What's for Dinner, Mom? Or How to Beat the 5 O'Clock Dinner Rush

3 years ago

Do you loathe your OWN 5 O'CLOCK RUSH and the question: "Mom, what's for dinner?"

Don't worry, many home cooks feel that exact same way.

As a culinary school graduate who then worked in restaurants, hotel and catering kitchens, I learned a simple technique and PRACTICE used by restaurant chefs that enables them to deliver so many different dishes to your table in a small amount of time.

Homemade Chinese Takeout Dinner

The Chef's Secret Is …"Mise en Place."

Mise en place (French pronunciation: ​[mi zɑ̃ ˈplas]) is a French phrase,  that means "putting in place," as in setting up. It is used in professional kitchens to refer to organizing and arranging the ingredients (e.g., cuts of meat, relishes, sauces, par-cooked items, spices, freshly chopped vegetables, and other components) that a cook will require for the menu items that are expected to be prepared during a shift. This definition is from Wikipedia.

Eating in a restaurant with an open kitchen or the chef’s table, you will see mise en place in action.  The workstations are lined with little containers, bowls and bottles of sauces.

As a line cook, I spent hours getting everything ready for dinner service or an evening event.  Everything must be ready to go because when you are in the middle of service, there is no time to go back and dice up some carrots. The show must go on.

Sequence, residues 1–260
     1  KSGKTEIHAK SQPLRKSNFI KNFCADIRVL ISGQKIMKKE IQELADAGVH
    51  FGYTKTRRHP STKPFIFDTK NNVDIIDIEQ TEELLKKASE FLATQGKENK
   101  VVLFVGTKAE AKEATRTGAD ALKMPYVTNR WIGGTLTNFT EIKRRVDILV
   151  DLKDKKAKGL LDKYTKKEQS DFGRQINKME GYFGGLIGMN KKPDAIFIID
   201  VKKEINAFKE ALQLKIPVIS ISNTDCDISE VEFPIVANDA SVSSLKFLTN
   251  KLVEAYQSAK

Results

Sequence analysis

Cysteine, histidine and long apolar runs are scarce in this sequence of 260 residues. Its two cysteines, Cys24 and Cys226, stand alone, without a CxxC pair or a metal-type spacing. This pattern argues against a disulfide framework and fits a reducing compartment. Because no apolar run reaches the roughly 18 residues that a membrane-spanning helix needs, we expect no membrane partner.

How a Home Cook Can Apply Mise en Place

Make sure you have all the ingredients. There is nothing efficient about starting to cook your dinner, having the onions sautéing and realizing that you are missing an ingredient and need to run out to the grocery store or that now you think you are going to wing it.

Find a delicious looking recipe, make a LIST of ingredients that you will need, go to the store and buy all the ingredients on your LIST.

Tip: If you clean your produce and prep your meat when you get home from your weekly trip for the grocery store, you are more likely to use it before it spoils.

This is the way to do it.

A good example of using this technique is when you stir-fry. A stir-fry consists of many steps such as browning the meat (i.e., chicken or beef strips) plus slicing carrots, onions, mushrooms and bell peppers, etc. Then sautéing these veggies and then bringing it all together with a sauce. Because everything gets cooked so quickly, you must have all your ingredients ready to go.

Can you imagine trying to do all this while in the process of cooking it? Sounds a little cray cray, right?

So why not apply mise en place to your daily cooking. From easily assembling a sandwich to an extravagant three-course dinner for six.

Practice this one skill and “put everything in place” before you get started, your OWN 5 O'CLOCK RUSH will be much smoother, your dishes will turn out better and cooking might become something you enjoy instead of loathe. ;)


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